• Improved genetics offer growers better cold tolerance and spring vigour characteristics and increased yield potential to reward early planting.
    • Advancements in seed treatments have also enabled growers to plant earlier into higher residue situations which tend to have higher insect pest pressure.
    • Better farming practices & equipment advancements have also facilitated earlier planting. With our improved equipment and expanding knowledge, we do a better job planting into seedbeds which are better prepared year after year, which allows for quicker germination and stand establishment.
    Planting Date: how early is too early? Many industry sources cite April 20 – May 5 as the 'sweet spot' for planting dates to optimize yield (this may be a few days earlier for longer-season areas of Ontario, and vice versa for short-season regions). Planting earlier than this window can be successful if conditions are good, and most importantly if trend-line temperatures are above normal. If this is the case, the opportunity for increased yields can be taken advantage of with early planting.

    As for soybeans, recent research from both private and public sources suggests that top yields are achieved when planting as soon as soils are fit, in combination with full-season variety selection. Basically, once the calendar reaches May 1, it’s time to plant if soil conditions are suitable. Many industry sources suggest a loss in yield potential of 1% (or 0.5 bu/ac) per day beyond May 20th , with the losses becoming greater as mid-June approaches.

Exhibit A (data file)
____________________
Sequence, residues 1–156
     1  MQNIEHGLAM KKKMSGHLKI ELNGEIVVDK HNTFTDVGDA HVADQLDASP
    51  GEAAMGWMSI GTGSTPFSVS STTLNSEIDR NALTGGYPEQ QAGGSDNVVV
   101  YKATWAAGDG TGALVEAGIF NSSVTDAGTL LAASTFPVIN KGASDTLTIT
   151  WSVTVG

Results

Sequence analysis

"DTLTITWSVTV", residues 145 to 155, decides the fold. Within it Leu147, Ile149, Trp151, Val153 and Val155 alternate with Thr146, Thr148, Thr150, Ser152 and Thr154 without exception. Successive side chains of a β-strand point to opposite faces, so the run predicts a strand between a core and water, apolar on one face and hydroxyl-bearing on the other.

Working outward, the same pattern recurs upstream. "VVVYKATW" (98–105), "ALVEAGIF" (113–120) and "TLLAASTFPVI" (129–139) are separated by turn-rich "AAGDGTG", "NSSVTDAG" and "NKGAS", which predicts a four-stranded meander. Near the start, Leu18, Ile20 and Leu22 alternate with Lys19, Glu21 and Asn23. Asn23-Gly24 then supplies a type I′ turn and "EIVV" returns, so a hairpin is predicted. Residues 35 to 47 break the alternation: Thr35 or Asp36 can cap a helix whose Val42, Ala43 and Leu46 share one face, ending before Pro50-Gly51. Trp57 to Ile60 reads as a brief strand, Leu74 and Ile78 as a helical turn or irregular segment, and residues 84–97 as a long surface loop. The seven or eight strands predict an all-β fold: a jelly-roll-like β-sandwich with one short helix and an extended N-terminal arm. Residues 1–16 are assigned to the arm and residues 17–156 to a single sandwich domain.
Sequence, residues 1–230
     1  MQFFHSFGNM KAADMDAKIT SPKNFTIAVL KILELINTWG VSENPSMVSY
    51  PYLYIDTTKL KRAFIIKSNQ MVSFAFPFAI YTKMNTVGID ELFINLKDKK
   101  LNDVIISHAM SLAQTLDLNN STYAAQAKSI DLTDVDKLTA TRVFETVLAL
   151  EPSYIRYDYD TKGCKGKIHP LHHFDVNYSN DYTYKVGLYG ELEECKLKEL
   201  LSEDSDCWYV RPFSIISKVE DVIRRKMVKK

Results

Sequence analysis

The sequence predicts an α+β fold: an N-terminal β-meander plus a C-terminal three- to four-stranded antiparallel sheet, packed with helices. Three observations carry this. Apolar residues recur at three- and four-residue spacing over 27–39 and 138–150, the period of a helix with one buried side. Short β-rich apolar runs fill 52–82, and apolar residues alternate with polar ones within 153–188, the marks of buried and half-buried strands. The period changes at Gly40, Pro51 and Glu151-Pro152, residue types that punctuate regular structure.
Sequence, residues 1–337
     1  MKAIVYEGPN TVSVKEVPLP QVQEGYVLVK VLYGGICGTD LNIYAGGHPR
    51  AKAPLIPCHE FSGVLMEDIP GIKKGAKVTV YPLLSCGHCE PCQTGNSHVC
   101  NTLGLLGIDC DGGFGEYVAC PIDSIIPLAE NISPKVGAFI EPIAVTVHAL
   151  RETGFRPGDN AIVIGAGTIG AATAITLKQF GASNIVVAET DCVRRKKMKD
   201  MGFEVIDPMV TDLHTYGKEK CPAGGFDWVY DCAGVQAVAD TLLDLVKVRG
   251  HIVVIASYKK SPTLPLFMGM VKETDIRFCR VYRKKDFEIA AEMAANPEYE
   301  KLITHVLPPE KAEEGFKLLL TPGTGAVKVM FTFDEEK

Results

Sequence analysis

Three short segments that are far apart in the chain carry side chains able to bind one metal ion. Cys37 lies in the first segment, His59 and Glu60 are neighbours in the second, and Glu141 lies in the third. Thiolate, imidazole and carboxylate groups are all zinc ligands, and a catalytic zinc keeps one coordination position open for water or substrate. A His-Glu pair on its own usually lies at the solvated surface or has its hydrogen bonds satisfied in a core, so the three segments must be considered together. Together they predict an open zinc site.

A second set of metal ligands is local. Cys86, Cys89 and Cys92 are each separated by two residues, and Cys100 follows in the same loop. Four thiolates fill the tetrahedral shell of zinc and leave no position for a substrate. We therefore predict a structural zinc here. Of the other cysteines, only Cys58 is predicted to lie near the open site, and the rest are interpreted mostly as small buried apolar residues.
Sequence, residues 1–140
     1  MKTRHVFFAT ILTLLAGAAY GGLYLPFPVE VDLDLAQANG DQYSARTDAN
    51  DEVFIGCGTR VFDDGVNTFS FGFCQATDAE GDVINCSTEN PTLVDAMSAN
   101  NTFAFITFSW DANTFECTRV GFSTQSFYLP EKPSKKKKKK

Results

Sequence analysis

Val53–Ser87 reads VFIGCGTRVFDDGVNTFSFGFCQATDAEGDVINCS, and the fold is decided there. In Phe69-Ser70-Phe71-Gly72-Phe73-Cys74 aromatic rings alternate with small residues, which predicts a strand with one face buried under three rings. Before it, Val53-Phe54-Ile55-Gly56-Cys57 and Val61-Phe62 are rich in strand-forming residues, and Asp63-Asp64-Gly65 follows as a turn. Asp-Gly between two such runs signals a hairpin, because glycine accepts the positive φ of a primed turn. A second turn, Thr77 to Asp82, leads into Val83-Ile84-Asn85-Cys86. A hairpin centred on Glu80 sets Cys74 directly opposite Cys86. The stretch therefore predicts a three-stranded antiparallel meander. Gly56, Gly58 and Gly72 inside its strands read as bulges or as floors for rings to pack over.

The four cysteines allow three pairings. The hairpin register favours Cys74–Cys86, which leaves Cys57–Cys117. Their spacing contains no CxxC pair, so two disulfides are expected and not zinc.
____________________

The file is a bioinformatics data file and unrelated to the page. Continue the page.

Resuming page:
Soil Conditions and Germination Rates
    There are two key critical factors that influence germination rate of the seed:
    • Seed-to-Soil Contact. Regardless of soil moisture levels, seed-to-soil contact rules the day when it comes to achieving quick, even germination of a crop stand. Seeds with good soil contact can and will find soil water, even in a dry seedbed. Seeds with minimal soil contact generally have to wait for moisture to come to them, particularly in dry conditions.
    • Soil Temperature. Perhaps best considered as soil water temperature, the temperature of the seed’s first drink of water is absolutely critical to the next two to four weeks of plant development. Generally, soybeans are more sensitive than corn when it comes to this factor.